With images of Florence Nightingale and Mother Teresa hovering as age-old cultural superwomen, the ever-giving women who always say “yes” to taking care of others is painted as the ideal model to which girls should aspire. And, that game plan largely pays off for girls as children. After all, who doesn’t love a sweet, agreeable little girl?
But, as adulthood begins to close in, the approval and attagirls bestowed upon chronic people pleasers quickly dissolve into a harsh reality — one in which lacking a backbone, spine, and ability to say “no” becomes a serious handicap that hinders us financially, emotionally, and physically.
Among other places, it hits us most clearly at work. Research has shown that women are less likely than men to initiate salary negotiations, even when they felt it was appropriate to do so, because they didn’t want to rock the boat. And, though it seems counterintuitive, being a big giver can also hamper us socially: A recent Baylor University study has shown that people who are seen as “big givers” — that is, who give more than others — not only suffer socially, but are punished by their peers for being too giving. One of the study’s researchers said that the social punishment given to the generous people within the study was on par with being shunned or mocked when someone had done the bulk of work in a project, for example.
Even more surprising is the effect that giving too much can have on our bodies: Serving as a chronic yes-woman can actually mean weight gain, as shown by a Case Western Reserve University study in which people pleasers were found to eat when socializing, whether hungry or not, just to keep others comfortable.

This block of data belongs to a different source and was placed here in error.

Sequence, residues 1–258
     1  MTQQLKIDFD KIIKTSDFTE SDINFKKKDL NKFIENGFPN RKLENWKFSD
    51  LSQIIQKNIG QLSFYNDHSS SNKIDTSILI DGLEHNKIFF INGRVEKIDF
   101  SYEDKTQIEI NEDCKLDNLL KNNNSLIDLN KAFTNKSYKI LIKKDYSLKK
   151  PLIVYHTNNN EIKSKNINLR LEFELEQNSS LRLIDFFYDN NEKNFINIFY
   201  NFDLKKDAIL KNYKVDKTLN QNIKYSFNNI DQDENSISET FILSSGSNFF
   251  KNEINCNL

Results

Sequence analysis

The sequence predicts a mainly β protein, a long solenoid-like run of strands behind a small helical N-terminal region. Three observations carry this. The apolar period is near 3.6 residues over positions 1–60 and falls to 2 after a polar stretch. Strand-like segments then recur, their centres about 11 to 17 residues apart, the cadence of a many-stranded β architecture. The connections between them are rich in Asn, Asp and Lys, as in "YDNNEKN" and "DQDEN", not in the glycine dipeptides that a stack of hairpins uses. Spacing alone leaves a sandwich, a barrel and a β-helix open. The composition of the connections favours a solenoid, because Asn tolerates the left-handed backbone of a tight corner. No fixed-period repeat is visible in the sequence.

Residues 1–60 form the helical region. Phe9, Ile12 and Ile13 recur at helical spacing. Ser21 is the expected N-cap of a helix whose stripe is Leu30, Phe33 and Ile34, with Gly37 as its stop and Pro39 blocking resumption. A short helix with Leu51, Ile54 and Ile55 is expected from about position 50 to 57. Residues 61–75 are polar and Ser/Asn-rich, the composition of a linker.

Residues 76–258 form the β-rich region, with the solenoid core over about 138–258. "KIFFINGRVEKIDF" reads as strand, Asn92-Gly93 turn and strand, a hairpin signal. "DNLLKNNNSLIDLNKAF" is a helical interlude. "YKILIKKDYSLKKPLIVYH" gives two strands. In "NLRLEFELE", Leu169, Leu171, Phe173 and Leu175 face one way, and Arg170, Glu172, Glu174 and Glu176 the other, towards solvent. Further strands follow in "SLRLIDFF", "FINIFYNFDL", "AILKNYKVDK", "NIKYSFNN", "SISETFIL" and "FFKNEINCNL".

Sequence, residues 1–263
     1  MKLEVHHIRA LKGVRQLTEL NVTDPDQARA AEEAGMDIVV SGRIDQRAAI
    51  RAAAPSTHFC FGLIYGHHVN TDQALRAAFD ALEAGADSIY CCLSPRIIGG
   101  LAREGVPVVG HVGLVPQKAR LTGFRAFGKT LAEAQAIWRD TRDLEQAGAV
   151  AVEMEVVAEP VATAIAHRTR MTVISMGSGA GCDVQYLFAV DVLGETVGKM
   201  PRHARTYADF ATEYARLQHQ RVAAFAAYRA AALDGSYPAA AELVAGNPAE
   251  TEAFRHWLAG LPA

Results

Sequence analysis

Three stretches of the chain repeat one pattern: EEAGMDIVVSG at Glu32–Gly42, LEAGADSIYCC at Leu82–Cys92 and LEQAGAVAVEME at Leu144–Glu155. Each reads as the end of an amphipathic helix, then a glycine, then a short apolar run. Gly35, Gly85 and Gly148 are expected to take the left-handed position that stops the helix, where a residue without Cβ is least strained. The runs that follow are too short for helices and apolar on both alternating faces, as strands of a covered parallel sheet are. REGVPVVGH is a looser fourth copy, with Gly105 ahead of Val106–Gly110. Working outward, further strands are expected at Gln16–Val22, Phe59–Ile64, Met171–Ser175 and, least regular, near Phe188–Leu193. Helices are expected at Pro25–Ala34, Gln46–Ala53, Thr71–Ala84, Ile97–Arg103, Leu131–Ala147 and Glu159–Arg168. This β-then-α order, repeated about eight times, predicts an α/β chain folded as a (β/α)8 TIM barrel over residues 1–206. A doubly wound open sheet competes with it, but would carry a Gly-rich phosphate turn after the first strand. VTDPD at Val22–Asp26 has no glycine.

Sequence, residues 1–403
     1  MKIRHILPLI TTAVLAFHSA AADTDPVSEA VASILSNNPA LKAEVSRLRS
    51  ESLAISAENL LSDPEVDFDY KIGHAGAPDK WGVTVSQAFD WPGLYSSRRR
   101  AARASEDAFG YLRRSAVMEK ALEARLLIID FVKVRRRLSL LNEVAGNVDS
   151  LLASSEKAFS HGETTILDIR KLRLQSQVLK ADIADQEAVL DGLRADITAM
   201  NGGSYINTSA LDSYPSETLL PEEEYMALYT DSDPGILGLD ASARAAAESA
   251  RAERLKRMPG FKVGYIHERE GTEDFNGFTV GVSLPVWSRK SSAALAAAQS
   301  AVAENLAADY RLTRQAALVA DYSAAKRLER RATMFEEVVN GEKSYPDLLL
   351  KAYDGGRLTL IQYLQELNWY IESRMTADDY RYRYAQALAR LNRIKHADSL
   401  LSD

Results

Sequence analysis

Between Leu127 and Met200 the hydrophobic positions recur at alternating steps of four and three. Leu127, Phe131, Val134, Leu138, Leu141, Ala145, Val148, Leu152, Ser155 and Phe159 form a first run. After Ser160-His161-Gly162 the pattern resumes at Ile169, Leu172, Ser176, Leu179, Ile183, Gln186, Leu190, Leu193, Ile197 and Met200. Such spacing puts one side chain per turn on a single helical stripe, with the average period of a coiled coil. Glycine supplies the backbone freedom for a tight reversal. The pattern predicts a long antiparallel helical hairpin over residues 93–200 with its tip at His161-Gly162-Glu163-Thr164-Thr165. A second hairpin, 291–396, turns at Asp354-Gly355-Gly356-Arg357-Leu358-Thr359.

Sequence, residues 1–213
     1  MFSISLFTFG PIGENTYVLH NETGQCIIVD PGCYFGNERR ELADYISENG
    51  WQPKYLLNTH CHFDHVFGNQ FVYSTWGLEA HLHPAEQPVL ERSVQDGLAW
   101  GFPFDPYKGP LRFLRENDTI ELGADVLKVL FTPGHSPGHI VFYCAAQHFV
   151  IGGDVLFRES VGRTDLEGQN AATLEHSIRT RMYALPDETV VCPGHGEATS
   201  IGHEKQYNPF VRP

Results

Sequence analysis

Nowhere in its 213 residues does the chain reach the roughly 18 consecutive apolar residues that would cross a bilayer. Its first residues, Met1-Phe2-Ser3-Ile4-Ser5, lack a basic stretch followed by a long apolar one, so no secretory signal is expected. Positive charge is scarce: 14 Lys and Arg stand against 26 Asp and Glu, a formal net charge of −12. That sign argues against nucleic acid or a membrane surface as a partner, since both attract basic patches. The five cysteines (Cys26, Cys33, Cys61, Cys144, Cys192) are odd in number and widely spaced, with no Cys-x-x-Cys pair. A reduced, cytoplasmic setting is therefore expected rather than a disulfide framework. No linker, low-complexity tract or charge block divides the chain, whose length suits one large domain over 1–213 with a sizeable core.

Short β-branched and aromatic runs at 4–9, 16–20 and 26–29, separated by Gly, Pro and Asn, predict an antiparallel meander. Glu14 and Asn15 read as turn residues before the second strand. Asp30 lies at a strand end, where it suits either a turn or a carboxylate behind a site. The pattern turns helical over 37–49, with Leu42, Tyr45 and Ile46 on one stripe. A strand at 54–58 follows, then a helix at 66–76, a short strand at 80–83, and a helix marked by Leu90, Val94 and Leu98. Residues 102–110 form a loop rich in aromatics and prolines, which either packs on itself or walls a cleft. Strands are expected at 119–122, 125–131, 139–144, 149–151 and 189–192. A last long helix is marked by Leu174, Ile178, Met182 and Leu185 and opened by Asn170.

Not only is always saying “yes” to people no longer cute in adulthood, it costs us at work, home, and with friends. In addition, it creates scenarios in which we are more likely to suppress anger, develop resentment toward those we love, and set ourselves up for disrespect.
Despite plenty of reasons to stop the people-pleasing cycle as adults, the behavior is so deeply ingrained in some women that it becomes a hard-to-shake habit, according to Dr. Marion Jacobs, a Laguna Beach, CA-based clinical psychiatrist, Adjunct Professor of Psychology at UCLA, and author of Take-Charge Living.
“Many girls are raised where the expectation of her role is to be a conflict reducer," she says. "As part of being feminine, her job is to bring people together and to be the one who makes sure everyone gets along. There’s a lot of that in the culture itself, the way little girls are raised." (On the positive side, she notes that not all people pleasers are women and that each generation of girls is somewhat less conditioned to say “yes” all the time.)
So, how do we halt a knee-jerk reaction to please when it has been ingrained in some of us from day one? Jacobs admits that it’s not easy for head nodders who mask behind agreeable smiles to express what they really feel.
“Generally, people pleasers try to avoid conflict. Yet, they themselves can become conflicted about speaking their voice or saying ‘no,’” notes Frank.
Jacobs agrees, saying, “A people pleaser knows that she would be better off if she could speak up, but she doesn’t. The real challenge is how you manage the [internal] resistance you’re going to feel when making the change, and make it anyway.”
It’s not just about dealing with a potentially negative outcome from rocking the boat (what will happen, say, after a chronic people pleaser says “no” to an manipulative co-worker). It’s also about the internal discomfort that people pleasers will experience when they simply consider that the boat will be rocked at all.
To help clear both hurdles, it’s first important to know that learning how to flex your assertive muscles will take time and a lot of willpower.